Automatically Better

Jun 16 2021 | By Matthew Hutson

How algorithms became a top business asset

Last year, when news emerged that social media giant TikTok might go up for sale, some estimates put the company’s valuation as high as $60 billion, or almost twice the net worth of Twitter. One asset was largely responsible for turning it into such a hot commodity: the closely guarded algorithm generating TikTok’s recommendations, the secret sauce its parent company, ByteDance, decided was too valuable to sell.

Artificial intelligence has transformed business analytics. It informs how companies run the electrical grid, handle shipping logistics, and manage investments in other companies. New algorithms can determine how social benefit gets factored into the equation. They also can make or save billions of dollars.

Say a company wants to route trucks from a warehouse to a store or give app users directions home. These are examples of a “shortest path” problem. Finding the fastest journey through a sprawling web of streets under changing conditions is daunting. Adam N. Elmachtoub, associate professor of industrial engineering and operations research (IEOR), tackles such problems by combining machine learning with operations research. The former typically uses math to make predictions, while the latter uses math to make decisions.

In a standard approach, machine learning would predict the travel time for each link, then operations research would use the predictions to find the shortest chain. But some prediction inaccuracies can have disproportionate effects on decisions. So Elmachtoub trains the machine learning model, not to make accurate predictions per se, but to make predictions that lead to good decisions. His technique can also improve financial portfolio management, predicting companies’ performance in a way that maximizes portfolio profit or minimizes risk.

Ideas from portfolio management, in turn, can benefit other areas of business analytics. One area is clean energy. New York State wants net-zero carbon emissions by 2050. “So how do we get to that very ambitious goal?” asks IEOR Professor David Da-Wei Yao. Yao is developing strategies for clean energy deployment in the way one might assemble a collection of assets. Solar, wind, and nuclear each have their own risks and rewards, just like investments.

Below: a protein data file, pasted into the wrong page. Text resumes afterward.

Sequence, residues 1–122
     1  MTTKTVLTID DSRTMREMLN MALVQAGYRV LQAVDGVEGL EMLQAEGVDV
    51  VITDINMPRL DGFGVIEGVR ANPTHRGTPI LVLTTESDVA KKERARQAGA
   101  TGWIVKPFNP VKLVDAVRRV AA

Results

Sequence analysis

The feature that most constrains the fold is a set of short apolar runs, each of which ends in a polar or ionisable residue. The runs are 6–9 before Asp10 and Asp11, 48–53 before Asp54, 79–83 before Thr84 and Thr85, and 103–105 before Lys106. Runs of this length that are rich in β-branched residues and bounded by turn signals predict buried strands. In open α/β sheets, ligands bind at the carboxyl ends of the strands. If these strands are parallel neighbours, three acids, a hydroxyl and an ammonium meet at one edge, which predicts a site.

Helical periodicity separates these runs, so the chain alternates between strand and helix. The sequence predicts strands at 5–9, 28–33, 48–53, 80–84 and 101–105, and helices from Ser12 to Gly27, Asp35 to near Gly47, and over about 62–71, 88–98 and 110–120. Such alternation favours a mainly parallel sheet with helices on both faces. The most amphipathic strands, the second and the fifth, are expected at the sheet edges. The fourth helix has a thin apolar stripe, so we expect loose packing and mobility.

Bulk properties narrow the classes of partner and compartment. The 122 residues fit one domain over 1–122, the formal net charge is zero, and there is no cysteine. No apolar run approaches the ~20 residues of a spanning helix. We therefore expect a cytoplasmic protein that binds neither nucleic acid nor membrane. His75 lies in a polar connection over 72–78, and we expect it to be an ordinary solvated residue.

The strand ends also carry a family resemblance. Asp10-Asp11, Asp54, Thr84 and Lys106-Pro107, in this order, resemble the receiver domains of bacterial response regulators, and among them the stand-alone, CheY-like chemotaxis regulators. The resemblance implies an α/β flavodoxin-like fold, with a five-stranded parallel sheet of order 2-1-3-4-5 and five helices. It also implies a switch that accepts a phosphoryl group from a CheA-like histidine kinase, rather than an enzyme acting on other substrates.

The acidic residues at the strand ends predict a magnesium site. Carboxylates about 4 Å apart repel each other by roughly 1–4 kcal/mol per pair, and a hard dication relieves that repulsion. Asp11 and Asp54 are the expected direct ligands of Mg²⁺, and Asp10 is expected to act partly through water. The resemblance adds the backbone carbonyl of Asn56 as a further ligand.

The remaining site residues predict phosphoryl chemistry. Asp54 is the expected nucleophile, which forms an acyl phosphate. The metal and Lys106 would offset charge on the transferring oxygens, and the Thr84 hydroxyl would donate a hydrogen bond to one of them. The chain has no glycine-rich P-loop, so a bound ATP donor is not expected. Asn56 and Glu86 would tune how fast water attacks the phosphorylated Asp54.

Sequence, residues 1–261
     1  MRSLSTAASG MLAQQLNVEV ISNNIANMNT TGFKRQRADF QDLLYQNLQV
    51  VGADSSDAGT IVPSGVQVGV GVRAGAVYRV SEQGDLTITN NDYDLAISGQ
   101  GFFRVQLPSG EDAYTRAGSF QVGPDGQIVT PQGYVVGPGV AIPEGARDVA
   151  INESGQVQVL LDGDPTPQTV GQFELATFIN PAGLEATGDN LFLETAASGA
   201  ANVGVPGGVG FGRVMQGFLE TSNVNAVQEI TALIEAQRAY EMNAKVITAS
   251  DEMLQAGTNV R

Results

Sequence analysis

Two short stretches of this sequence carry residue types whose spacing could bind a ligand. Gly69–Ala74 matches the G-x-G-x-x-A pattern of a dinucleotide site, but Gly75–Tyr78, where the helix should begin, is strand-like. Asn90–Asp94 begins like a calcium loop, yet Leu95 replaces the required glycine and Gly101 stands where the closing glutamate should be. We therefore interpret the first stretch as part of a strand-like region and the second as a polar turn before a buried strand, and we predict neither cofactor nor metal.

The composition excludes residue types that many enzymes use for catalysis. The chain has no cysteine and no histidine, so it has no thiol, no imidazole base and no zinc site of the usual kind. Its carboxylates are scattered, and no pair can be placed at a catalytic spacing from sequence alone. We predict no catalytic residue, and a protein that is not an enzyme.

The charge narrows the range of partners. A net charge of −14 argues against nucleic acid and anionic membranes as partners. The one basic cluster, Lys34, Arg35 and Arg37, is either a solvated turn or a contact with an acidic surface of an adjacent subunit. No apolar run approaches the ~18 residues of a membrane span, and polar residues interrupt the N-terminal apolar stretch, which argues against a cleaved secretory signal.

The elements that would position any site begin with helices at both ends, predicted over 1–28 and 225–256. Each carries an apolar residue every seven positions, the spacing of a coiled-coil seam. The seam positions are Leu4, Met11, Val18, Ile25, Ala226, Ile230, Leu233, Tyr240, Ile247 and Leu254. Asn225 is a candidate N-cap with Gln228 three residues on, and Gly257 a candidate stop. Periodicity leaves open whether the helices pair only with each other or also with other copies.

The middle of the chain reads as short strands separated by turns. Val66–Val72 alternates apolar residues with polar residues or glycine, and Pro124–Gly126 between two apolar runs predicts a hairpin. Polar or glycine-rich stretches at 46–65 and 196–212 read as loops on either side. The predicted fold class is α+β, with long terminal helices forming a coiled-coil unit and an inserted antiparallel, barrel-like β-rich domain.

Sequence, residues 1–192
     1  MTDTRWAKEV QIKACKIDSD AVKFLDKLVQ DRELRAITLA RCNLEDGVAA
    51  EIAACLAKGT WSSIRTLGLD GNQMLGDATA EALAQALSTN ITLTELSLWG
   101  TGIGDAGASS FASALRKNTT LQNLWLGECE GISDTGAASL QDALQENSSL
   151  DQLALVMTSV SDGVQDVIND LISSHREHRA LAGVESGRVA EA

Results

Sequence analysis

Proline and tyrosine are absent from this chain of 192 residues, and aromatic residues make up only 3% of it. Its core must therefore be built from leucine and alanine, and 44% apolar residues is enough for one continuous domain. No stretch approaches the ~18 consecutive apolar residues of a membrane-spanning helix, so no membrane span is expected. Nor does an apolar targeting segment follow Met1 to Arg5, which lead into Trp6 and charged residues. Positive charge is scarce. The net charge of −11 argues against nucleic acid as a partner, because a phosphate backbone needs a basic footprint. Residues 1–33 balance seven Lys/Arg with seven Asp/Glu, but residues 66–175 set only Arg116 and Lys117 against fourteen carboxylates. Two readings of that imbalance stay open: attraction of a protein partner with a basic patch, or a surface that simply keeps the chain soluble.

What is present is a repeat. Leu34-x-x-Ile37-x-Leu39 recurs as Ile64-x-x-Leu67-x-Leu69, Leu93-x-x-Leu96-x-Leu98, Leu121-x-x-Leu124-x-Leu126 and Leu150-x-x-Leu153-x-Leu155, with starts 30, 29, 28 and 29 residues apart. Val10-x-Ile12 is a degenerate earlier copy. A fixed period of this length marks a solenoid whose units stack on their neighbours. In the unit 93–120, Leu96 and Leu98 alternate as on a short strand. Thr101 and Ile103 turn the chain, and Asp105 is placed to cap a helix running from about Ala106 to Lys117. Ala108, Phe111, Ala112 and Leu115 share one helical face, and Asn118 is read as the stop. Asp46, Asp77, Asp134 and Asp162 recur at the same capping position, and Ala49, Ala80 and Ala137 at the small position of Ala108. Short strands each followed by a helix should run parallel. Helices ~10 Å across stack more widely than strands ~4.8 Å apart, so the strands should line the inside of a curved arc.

Yao also hopes to plan for a cleaner future by combining machine learning with economic simulations. One approach is to look at historical data to learn the effects of incentivizing solar power or taxing dirty energy on the market, then plug these associations into a simulation and turn the crank to forecast the future. “It’s almost like doing an experiment to predict the outcome,” he says.

Yao will pursue both projects as co-director of Columbia’s new Fintech, AI, and Business Analytics (FABULYS) Initiative, an effort designed to work closely with industry.

[We must] look at fairness in a more holistic way. Maybe the way we discuss trade-offs will change.

Shipra Agrawal
Cyrus Derman Assistant Professor Of Industrial Engineering And Operations Research

Some types of machine learning do more than make predictions; they can also make decisions. Shipra Agrawal, assistant professor of IEOR, uses reinforcement learning, in which a program makes sequential decisions (such as chess moves) and improves based on eventual costs or rewards (winning or losing a game). While learning, the program balances exploitation (doing what it thinks is most advantageous) with exploration (trying something else in case it’s even better). One application is inventory management. General reinforcement-learning algorithms struggle to explore the large space of possible actions, but Agrawal has found that by building in certain assumptions about inventory managment, learning happens much faster.

Algorithms can even learn to create other algorithms. Just a few years ago, Agrawal wondered, Is it even possible for a program to design programs to solve problems? It is. Many programs that manage production schedules, shipping routes, or inventory management require experts to program rules of thumb and to hand tune hundreds of knobs. Agrawal uses reinforcement learning to do that automatically. It’s still a proof of concept, she says, but it could be combined with the heuristics-based approaches.

As AI increasingly makes decisions for us, we need to think about how to apply it ethically. Operations research can help. Elmachtoub has looked at situations where different customers pay different prices— for instance, for college tuition. He’s found that imposing fairness may or may not increase social welfare, in terms of total benefit to both producers and consumers, depending on whether fairness is defined relative to price equality or access equality.

Similarly, Agrawal has formulated fairness trade-offs, in which fair decisions that cost a company in the short term might draw customers in the long term. Fairness and profit can co-exist. The trick, she says, is to “look at fairness in a more holistic way. Maybe the way we discuss trade-offs will change.”